Women of a seasoned age often experience hot flashes, night sweats and weight gain due to hormonal changes associated with menopause. These unpleasant and disruptive bodily events prompt many women to seek hormone replacement therapy (HRT) to bring them under better control.

There may be another, better, way to reduce the trying symptoms of menopause, one that does not carry the health risks that HRT does. A change in diet may be just what the doctor should order to control the symptoms of menopause, a new study suggests.

The women eating a plant-based diet with added soybeans had an 88 percent reduction in moderate to severe hot flashes, on par with the reduction seen with hormone replacement therapy. They also lost, on average, eight pounds.

Eighty-four postmenopausal women who reported experiencing two or more hot flashes per day took part in what was called The Women’s Study for the Alleviation of Vasomotor Symptoms (WAVS). They were divided into two groups. For twelve weeks, one group ate a low-fat, vegan diet which included a half-cup serving of cooked soybeans every day. The other group made no changes to their diet.

The women eating a plant-based diet with added soybeans had an 88 percent reduction in moderate to severe hot flashes over the course of the 12 weeks, on par with the 70 to 90 percent reduction seen with hormone replacement therapy. Even better, the women who followed a plant-based diet lost, on average, eight pounds.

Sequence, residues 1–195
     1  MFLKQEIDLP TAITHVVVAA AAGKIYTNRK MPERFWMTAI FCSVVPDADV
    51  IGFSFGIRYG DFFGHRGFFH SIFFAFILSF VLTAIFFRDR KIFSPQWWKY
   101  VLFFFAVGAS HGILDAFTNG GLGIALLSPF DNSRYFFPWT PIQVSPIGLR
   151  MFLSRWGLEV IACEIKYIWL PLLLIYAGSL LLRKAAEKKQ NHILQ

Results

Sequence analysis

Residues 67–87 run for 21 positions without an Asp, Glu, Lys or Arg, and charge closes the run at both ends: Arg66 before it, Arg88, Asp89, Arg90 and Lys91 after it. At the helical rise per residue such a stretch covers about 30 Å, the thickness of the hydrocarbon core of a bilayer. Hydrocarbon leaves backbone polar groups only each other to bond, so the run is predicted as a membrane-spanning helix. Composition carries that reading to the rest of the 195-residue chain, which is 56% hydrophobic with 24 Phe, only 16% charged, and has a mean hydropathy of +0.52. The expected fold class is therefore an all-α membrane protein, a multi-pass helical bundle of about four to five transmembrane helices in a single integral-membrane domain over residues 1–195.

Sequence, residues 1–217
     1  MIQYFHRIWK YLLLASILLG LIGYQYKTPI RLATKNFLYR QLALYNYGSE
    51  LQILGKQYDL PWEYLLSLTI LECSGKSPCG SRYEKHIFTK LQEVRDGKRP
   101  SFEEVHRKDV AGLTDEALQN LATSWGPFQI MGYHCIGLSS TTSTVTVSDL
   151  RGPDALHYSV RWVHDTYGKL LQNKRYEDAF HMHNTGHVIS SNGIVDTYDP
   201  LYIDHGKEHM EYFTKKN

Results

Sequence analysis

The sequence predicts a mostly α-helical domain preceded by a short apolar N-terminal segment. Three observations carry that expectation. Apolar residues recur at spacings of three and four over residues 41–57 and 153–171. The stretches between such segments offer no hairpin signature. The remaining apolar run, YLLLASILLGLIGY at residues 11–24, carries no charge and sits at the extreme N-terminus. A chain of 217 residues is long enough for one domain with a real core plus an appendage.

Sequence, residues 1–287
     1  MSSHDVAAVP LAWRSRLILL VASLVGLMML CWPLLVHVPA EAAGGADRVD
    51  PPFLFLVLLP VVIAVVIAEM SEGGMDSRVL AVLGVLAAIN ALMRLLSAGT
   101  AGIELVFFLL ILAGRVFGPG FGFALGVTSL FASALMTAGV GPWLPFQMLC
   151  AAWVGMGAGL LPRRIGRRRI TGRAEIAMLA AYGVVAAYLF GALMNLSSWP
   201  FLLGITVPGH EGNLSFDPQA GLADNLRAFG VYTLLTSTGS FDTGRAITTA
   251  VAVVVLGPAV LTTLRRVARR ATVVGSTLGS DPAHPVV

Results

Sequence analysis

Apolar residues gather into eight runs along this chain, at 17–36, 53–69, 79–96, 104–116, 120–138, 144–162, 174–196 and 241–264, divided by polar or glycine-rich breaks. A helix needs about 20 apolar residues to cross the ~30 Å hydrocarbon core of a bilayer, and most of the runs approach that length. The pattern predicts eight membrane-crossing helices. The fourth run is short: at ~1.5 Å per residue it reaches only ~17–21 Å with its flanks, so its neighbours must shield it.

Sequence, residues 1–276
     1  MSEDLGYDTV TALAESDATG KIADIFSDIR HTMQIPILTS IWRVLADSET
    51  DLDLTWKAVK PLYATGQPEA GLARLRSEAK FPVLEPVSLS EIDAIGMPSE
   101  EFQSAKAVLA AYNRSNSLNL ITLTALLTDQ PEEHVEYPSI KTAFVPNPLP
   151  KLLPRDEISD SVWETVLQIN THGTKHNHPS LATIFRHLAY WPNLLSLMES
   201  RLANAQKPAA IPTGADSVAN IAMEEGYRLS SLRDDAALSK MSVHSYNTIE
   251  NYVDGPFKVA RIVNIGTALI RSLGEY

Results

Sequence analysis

“We do not fully understand yet why this combination works but it seems that these three elements are key — avoiding animal products, reducing fat, and adding a serving of soybeans,” explained lead researcher, Neal Barnard, a member of the Physicians Committee for Responsible Medicine which sponsored the WAVS study. “Our results mirror the diets of places in the world, like pre-Westernized Japan and modern-day Yucatán Peninsula, where a low-fat, plant-based diet including soybeans is more prevalent and where postmenopausal women experience fewer symptoms.”

This study is the second in a two-part trial. The first study was performed in the fall and raised the question of cooler weather being responsible for the improvement in women’s symptoms. However, women who began the study during warmer weather experienced the same benefits, which ruled out seasonal temperature as a factor in the results of the study.

Diet intervention could become the first-line treatment for women with menopausal symptoms and reduce the need for hormone replacement therapy and its associated health risks. It’s a win-win in another way, too: A low-fat, plant-based diet is also known for reducing the increasing risk of health problems that aging women — and men — face, such as heart disease, breast cancer and memory problems.

The study is published by the North American Menopause Society in the journal Menopause.